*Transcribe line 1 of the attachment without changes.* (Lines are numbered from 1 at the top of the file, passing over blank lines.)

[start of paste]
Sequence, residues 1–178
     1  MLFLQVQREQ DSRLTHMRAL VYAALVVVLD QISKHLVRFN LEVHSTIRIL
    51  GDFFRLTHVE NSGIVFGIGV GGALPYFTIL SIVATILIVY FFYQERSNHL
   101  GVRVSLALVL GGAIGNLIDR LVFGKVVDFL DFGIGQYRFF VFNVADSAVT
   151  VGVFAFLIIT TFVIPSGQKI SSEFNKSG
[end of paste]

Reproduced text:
Sequence, residues 1–178